One way to do this is adding a controversial twist to the circumstances. Maybe there are signs posted all over the barn: Trespassers will be shot on sight. Uh-oh. Now the characters have a problem to overcome, and since they are human, they’ll each have a different solution in mind. This means their discussion will be not only interesting, but captivating—whose idea will they go with?

Another way to add conflict would be to give each character a different reason for wanting the evidence. Maybe one of them wants to steal the evidence once they find it, and he’s just using the other character. That will come through in the dialogue—liars have a particular way of speaking that never sounds right. As the other character begins to suspect them, the dialogue will grow tense, moody. Maybe neither one ever acknowledges what’s actually brewing, but they’re both on guard.

3. Cut out the fluff

I know how tempting it is to include all the “realistic details” in your story’s dialogue. The little mini-conversations about chatty subjects that have nothing to do with your story or characters, but are merely small talk.

It may be painful, but you have to slice all of that fluff out.

The truth is, most actual conversations are pretty boring unless you’re the one talking. Discussions about the weather, the latest football game, the price of gas … these are just ways we pass the time. They very rarely belong in a fictional story that’s designed to be interesting.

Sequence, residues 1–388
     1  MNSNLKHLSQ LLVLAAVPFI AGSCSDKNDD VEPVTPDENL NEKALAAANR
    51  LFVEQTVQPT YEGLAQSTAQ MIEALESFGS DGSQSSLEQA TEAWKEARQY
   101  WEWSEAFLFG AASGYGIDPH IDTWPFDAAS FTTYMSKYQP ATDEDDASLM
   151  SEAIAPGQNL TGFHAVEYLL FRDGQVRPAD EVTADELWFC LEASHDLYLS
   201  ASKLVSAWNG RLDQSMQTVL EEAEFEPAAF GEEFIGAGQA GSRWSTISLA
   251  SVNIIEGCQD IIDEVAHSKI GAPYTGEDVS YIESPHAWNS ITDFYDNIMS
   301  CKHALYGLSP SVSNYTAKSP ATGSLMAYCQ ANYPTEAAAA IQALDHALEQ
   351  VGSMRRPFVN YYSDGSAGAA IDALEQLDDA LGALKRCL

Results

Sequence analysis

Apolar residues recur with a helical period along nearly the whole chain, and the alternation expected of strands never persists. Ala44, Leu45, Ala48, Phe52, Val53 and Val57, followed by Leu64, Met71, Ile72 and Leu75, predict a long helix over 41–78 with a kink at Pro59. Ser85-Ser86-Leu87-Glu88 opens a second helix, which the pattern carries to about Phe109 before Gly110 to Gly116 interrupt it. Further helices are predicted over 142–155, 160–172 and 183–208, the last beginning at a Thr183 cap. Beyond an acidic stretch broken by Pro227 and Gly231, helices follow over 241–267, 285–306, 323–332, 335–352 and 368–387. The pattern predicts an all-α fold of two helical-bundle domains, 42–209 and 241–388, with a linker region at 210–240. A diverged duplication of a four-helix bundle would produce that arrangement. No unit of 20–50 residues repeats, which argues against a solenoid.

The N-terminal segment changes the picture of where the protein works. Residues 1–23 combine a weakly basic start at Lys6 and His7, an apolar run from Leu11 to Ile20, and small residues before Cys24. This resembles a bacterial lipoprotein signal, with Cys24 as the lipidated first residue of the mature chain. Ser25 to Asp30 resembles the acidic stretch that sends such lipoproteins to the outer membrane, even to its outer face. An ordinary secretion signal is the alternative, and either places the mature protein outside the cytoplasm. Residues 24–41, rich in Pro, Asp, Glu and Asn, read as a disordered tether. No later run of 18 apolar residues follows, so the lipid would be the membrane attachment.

Here’s a key you can use when editing your dialogue—if it doesn’t have any relation at all to one of the plot points, cut it out.

All that said, there IS a way to include small talk:

4. Connect It to the Plot

Maybe you just really want to include a chat between two characters. It's a realistic story, and you feel like some small talk is justified. That's how people actually converse, after all.

That's totally fine. Just connect the conversation to the plot using one of these methods:

  • Add underlying tension. To borrow from Hitchcock, "put a bomb under the table." Even if the conversation is innocuous, there should be a reason to worry. Maybe one character notices a gun protruding from the other's jacket, but tries to pretend she didn't notice.

  • Use it to foreshadow a disaster. Small talk is intensely interesting if there's a double meaning. Just what did he mean by, "Looks like a storm's brewing"?

  • Create a false sense of security. If you're writing a thriller, sometimes the reader can be lulled into thinking everyone is safe. Small talk feels comfortable and familiar, letting you set up a powerful surprise for the reader.

There’s so much more to dialogue to this, but these tips will put you on the right track. Hopefully you found them useful!

What are some of your favorite ways to handle dialogue? Do you have any tips or tricks that you’ve learned?

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Joshua Sword

I'm twenty-six and work as a livestream producer by day. I'm highly facetious. It's very hard to take me seriously, a fact that I carefully nurture and protect, because I don't want people calling me Mr. Josh and kissing my hand and handing me scotch or whatever they do in the serious world. I like my own world just fine.